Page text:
Maria C Sendino and Paul D Taylor (UK) Fossils such as ammonites, trilobites, crinoids and shark’s teeth understandably attract the most attention from fossil enthusiasts. However, other groups can provide equally fascinating insights into the history of life and ought not to be neglected. Among these ‘Cinderella fossils’ are conulariids. … Read More
Khursheed Dinshaw (India) The Salkhan Fossil Park is located in the state of Uttar Pradesh in India. Spread over 25 hectares, it is an important geoheritage site for stromatolites. These stromatolites were identified by Professor RC Misra and Professor S Kumar of the University of Lucknow. Stromatolites are layered sedimentary … Read More
Deborah Painter (USA) Plant fossils come in a wider variety than this author used to believe. This article will discuss some of the different ways that plant fossils are preserved. Casts The fossil in Figs. 1 and 2 is a cast of Stigmaria. It is comprised of greyish sandstone. Sandy … Read More
Ken Brooks (UK) Pierre Teilhard de Chardin was born in the Auvergne region of France on 1 May 1881. His enthusiasm for science developed in his childhood, partly through the influence and encouragement of his father, who was a keen naturalist. In 1899, at the age of 18 and having … Read More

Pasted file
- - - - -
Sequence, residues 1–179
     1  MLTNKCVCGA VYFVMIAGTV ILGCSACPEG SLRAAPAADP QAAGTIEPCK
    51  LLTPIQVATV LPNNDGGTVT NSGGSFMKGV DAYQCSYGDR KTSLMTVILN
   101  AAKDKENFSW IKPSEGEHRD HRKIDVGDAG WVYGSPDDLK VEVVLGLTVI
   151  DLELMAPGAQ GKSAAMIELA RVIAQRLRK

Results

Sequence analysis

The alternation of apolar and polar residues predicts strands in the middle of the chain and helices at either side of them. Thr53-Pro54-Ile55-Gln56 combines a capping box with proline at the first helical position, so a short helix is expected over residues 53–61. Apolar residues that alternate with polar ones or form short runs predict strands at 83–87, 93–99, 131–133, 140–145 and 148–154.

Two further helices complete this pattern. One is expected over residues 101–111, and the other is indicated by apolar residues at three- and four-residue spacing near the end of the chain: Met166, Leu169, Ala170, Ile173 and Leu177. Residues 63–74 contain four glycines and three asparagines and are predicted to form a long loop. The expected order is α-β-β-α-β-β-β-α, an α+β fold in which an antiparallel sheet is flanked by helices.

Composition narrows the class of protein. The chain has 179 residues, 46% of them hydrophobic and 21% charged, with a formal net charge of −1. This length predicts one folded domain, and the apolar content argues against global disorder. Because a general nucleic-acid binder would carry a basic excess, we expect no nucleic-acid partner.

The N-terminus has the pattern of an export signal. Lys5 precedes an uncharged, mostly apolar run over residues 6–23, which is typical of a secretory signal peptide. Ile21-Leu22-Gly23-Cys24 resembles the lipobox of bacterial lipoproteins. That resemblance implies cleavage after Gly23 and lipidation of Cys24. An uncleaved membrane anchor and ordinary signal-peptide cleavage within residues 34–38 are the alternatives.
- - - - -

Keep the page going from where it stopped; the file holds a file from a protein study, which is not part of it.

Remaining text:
Khursheed Dinshaw (India) The Geology Museum of Ipoh in Malaysia is located inside the premises of the Department of Minerals and Geoscience Malaysia (Fig. 1). The museum is an interesting venue where you canlearn about both the geology and the geosciences of the country. The easy to navigate museum was … Read More
Michael E Howgate One hundred years ago, a grapefruit-sized lump of rock ended its four and a half billion year long journey through space by crashing into a field in northwest Essex. To be more precise, at 1pm on Friday, 9 March 1923, Frederick Pratt, a thatcher and farm labourer, … Read More
Paul D Taylor The Chatham Islands are a far-flung outpost of New Zealand (Fig. 1). This isolated archipelago sits in the Pacific Ocean, some 850km east of Christchurch, and lies very close to the International Date Line, making the Chatham Islands one of the first places in the world to … Read More
Neale Monks (UK) Belemnites are common fossils, and most collectors will have a few of these distinctive, bullet-shaped fossils in their collections. In fact, belemnites have been recognised as something other than mere stones for thousands of years. As a result of their remarkably phallus-like shape, the Ancient Egyptians associated … Read More
Neale Monks (UK) The rocks we know in Britain and Ireland as the Carboniferous Limestone were laid down between 363 and 325 million years ago, during a period when global sea levels were particularly high, a condition that geologists refer to as a transgression. The climate was tropical, and the … Read More